Fossilized melanosomes might just be my new favorite subject. Melanosomes are organelles–cell parts–responsible for producing the pigment melanin. These tiny bits of biology can be preserved in fossils, which has led to some fascinating papers. Scientists have now recovered melanosomes from dinosaur fossils, for instance; the pigment allowed researchers to determine–rather than just guess–how certain dinosaurs were colored.
A new study, published online today by Science, reveals another neat use for fossilized melanosomes–tracing the evolutionary history of the penguin. The birds have remarkable feathers, perfectly designed not only to allow the penguins to glide through the water at high speeds but also to insulate them from the breathtaking cold. For these reasons, and others, penguins’ feathers are radically different than those of other birds.
The new research begins to reveal how these multitasking feathers evolved. The scientists studied the 36 million year old fossilized feathers of Inkayacu paracasensis, a newly discovered species of giant penguin that stood five feet tall. From the outside the feathers looked just like those of modern penguins, with the same streamlined shape and dense packing.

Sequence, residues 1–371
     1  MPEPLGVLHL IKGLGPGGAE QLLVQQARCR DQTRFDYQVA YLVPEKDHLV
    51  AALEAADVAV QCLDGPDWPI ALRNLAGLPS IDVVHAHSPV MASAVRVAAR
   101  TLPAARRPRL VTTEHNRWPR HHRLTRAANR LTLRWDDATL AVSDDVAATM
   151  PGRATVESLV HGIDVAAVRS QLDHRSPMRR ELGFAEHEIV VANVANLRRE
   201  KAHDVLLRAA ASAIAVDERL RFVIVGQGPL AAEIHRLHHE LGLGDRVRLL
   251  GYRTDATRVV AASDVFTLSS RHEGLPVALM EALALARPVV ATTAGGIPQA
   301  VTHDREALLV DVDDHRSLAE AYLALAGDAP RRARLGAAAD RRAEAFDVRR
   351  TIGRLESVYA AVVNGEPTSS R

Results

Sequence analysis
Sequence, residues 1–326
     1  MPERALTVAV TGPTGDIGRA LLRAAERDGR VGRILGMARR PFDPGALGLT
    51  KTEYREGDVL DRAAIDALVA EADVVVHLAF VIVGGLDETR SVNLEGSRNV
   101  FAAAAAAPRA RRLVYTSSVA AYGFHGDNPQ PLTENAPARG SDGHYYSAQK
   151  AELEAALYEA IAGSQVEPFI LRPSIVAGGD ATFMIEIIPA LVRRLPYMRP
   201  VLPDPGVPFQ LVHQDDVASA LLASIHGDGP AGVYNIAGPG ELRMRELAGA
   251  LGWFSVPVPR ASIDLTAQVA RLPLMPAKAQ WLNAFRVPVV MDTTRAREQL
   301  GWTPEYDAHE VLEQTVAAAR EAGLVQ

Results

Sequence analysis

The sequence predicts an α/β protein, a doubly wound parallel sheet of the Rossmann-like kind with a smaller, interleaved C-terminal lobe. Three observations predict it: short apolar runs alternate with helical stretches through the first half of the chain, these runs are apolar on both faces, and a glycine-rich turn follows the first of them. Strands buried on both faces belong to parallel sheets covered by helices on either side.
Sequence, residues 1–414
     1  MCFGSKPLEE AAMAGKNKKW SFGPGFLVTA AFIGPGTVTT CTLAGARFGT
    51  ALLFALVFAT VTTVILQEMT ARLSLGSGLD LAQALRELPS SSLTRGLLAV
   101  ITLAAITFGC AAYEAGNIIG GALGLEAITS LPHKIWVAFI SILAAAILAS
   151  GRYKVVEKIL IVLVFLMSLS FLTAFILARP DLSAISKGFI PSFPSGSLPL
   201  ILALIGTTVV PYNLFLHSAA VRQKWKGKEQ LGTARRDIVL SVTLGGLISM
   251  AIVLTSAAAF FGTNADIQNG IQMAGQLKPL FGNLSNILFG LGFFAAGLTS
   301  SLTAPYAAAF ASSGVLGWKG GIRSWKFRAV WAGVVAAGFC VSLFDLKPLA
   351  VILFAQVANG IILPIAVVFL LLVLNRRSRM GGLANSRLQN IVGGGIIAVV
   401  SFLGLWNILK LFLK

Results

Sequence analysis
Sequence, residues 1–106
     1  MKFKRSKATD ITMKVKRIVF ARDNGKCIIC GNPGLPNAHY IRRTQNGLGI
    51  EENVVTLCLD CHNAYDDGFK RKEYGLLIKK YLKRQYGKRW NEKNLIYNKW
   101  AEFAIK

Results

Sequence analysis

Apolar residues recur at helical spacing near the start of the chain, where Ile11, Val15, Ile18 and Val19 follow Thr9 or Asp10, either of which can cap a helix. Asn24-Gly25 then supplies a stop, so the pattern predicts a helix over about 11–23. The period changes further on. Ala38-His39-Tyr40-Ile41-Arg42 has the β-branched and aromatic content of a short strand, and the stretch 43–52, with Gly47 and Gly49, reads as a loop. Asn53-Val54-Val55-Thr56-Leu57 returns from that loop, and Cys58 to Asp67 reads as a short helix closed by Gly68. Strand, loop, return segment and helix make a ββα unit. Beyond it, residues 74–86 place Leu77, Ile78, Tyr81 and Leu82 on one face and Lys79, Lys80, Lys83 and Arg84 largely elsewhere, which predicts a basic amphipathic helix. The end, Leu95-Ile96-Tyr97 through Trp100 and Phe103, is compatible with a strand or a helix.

But the melanosomes told a different story, revealing that the ancient penguin would have displayed gray and reddish-brown patterning. Today’s penguins, on the other hand, have melanosomes that make them look black.
The findings suggest that the exterior of penguin’s feathers evolved first and that only later did the interior of the feathers, with their melanosomes, change.
Among the most interesting sections of the brief paper is the very end, when the researchers speculate about what could have driven the color change. Previous studies have suggested that melanin can protect feathers from breakage and damage. Penguins swim underwater at incredible speeds (in what’s known as “aquatic flight”) and their feathers must withstand enormous pressures and forces. Birds with more melanin–and, therefore, darker feathers–may have had a survival advantage. That cute black suit that makes us flock to the theaters to see movies about penguins? Perhaps that’s just an unintended–if handsome–side effect.
Reference: Julia A. Clarke, Daniel T. Ksepka, Rodolfo Salas-Gismondi, Ali J. Altamirano, Matthew D. Shawkey, Liliana D’Alba, Jakob Vinther, Thomas J. DeVries, Patrice Baby (2010). Fossil Evidence for Evolution of the Shape and Color of Penguin Feathers. Science : 10.1126/science.1193604
Images: 1. Image courtesy of Science/AAAS 2. Illustration by Katie Browne, U.T. Austin